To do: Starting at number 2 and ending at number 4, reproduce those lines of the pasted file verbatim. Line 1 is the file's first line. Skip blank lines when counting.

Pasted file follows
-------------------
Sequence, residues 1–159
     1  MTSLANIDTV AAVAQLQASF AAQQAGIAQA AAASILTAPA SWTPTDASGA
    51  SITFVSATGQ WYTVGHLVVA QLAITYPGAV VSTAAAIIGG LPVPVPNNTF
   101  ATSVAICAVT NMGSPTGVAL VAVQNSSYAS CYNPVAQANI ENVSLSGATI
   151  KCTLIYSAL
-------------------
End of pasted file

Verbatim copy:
     1  MTSLANIDTV AAVAQLQASF AAQQAGIAQA AAASILTAPA SWTPTDASGA
    51  SITFVSATGQ WYTVGHLVVA QLAITYPGAV VSTAAAIIGG LPVPVPNNTF
   101  ATSVAICAVT NMGSPTGVAL VAVQNSSYAS CYNPVAQANI ENVSLSGATI